OLYMPIC PITCHER ABBOTT TO RETIRE
Growing up in Salinas, she showed great promise
>> Arguably the greatest softball pitcher the world has ever witnessed is calling it a career.
Monica Abbott is expected to announce her retirement Tuesday at an 8:30 a.m. press conference, ending a career that began as an 8-year-old for the Salinas Storm, ending with a pair of Olympic silver medals and numerous college and pro records.
The 37-year-old Abbott, who just concluded a clinic in Denver, flew home Monday.
“Simply the hardest working person I've worked with, that wanted to perfect any part of her pitches possible,” said Monterey Peninsula College softball coach Keith Berg, who coached Abbott when she pitched for North Salinas High from 2000-2003.
Having helped Team USA to Olympic silver medals in 2008 and when the sport resumed in 2020, the lefthanded hurler did not allow an earned run in more than 20 innings in 2020, striking out 31 hitters as a then 34-year-old.
“She gave up one run in the 2008 Olympics and she didn't get the start in the gold medal game,” Berg said. “Still a mystery to me and a lot of people.”
In between her stints as an Olympian, Abbott became the first woman to earn a million-dollar contract in the United States when she signed with the National Pro Fastpitch League, earning Most Valuable Player honors five times in the championship games.
The 6-foot-3 Abbott moonlighted in the Japan Softball League for 11 seasons, becoming the face of the league, earning MVP honors in her first season in 2010, leading Toyota to three straight league championships and six total.
During her 11 seasons, she was a five-time Most Valuable Player, tossing a perfect game in Toyota's first title game, and a no-hitter when the team repeated as champions in 2011.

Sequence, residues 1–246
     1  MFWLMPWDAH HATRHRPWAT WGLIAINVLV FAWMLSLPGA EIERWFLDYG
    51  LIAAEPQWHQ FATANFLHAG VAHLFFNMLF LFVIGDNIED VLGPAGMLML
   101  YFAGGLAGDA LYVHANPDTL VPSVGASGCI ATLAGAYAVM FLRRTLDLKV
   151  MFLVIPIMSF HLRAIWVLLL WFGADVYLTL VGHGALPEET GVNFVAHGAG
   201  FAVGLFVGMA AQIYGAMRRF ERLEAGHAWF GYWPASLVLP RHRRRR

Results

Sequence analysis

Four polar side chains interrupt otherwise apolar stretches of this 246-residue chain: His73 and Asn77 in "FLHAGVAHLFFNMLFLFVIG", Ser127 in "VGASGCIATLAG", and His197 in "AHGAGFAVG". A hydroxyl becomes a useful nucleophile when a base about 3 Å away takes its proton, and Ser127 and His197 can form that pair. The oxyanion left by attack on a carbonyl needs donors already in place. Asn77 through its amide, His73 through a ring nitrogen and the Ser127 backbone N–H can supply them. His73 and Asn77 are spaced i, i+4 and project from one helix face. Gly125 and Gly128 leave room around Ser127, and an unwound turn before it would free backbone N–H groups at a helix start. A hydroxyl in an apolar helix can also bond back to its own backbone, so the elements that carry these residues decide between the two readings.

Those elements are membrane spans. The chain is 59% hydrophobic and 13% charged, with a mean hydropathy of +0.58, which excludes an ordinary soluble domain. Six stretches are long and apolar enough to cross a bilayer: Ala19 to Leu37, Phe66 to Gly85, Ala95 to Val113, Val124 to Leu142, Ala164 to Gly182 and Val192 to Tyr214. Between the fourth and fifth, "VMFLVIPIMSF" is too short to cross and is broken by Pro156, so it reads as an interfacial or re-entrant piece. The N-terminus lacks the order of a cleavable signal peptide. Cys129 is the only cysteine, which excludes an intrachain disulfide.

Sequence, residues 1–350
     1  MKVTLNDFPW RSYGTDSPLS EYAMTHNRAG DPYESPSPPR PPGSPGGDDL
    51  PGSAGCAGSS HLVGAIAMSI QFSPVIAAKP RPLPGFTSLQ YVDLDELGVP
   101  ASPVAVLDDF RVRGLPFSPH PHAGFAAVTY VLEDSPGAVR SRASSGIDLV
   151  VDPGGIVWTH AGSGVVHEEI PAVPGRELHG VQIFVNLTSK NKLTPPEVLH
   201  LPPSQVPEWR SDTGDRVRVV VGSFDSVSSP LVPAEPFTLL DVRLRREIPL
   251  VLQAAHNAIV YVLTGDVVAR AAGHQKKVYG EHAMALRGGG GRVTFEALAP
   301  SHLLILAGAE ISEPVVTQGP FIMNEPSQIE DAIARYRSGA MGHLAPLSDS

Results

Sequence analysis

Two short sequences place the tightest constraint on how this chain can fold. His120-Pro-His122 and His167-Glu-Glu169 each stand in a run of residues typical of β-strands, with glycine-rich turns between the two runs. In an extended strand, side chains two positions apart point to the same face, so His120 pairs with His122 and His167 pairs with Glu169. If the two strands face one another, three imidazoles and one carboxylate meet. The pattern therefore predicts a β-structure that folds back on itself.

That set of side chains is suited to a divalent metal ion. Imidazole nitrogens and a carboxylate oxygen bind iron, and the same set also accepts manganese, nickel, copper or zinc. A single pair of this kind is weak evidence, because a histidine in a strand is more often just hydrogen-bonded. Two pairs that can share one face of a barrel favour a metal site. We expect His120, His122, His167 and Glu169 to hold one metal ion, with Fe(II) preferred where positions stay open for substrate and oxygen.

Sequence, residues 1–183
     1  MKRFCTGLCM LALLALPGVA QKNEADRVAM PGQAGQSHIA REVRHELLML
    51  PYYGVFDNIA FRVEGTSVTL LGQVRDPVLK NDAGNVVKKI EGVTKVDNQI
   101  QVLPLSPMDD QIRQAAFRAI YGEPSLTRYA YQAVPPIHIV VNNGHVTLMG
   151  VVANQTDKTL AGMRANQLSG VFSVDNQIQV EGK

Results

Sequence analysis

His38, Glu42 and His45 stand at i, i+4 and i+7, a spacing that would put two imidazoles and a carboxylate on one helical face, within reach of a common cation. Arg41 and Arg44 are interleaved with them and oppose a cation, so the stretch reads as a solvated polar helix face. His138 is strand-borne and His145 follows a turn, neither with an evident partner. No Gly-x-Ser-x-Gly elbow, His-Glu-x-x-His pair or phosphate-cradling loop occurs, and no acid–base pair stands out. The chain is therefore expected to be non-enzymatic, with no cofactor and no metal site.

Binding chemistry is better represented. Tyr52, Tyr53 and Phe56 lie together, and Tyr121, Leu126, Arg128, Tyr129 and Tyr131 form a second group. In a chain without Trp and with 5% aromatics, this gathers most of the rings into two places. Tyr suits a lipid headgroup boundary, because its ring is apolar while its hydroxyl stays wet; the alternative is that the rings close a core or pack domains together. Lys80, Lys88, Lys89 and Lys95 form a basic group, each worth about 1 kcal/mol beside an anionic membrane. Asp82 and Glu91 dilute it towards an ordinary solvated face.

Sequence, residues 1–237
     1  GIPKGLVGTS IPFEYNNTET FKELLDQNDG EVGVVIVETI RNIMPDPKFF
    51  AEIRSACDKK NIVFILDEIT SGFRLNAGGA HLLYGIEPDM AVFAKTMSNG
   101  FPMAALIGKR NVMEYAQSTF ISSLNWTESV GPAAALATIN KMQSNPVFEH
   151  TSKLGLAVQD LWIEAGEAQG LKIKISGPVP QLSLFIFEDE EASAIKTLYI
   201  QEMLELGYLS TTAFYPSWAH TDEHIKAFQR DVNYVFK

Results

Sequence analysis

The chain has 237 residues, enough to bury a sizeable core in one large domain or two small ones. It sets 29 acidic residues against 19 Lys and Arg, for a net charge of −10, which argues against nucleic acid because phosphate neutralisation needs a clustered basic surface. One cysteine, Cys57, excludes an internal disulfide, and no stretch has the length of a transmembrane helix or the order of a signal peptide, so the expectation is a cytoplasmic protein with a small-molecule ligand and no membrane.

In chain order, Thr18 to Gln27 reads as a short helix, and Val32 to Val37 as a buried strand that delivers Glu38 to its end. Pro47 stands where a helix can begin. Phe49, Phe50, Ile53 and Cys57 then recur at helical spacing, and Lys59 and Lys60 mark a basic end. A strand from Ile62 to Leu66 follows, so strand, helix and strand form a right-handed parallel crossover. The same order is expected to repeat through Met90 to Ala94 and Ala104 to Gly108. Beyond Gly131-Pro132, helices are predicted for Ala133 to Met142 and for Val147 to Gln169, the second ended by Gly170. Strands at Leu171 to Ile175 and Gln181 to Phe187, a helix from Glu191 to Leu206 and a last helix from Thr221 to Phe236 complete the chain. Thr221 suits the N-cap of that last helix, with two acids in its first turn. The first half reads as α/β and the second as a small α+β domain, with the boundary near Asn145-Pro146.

“I remember after she beat the Chinese National Team as a 16-year-old, she asked me after the game `do you think I have what it takes to play at this level,'” Berg said. “I reminded her you just did.”
The 2007 National Collegiate Softball Player of the Year at Tennessee, Abbott used her 77 mph riser — still the fastest pitch ever recorded, to compile college records for wins (189), strikeouts (2,440), shutouts (112) and strikeouts in a single season (724).
Abbott was the first pitcher in NCAA history to record 500 plus strikeouts in all four seasons at Tennessee. Inducted into the university's Athletic Hall of Fame, she is the school's first softball All-American, hurling them to three College World Series'.
The Monterey Herald's Athlete of the Year in 2003, Abbott pitched North Salinas to three Central Coast Section Division I softball titles, winning 23 games as a senior, collecting 25 nohitters over four years.
Abbott, who announced her retirement from the Japan League after the 2022 season, had waited on making a final decision on her American professional career, having spent time working with pitchers at CSU Monterey Bay.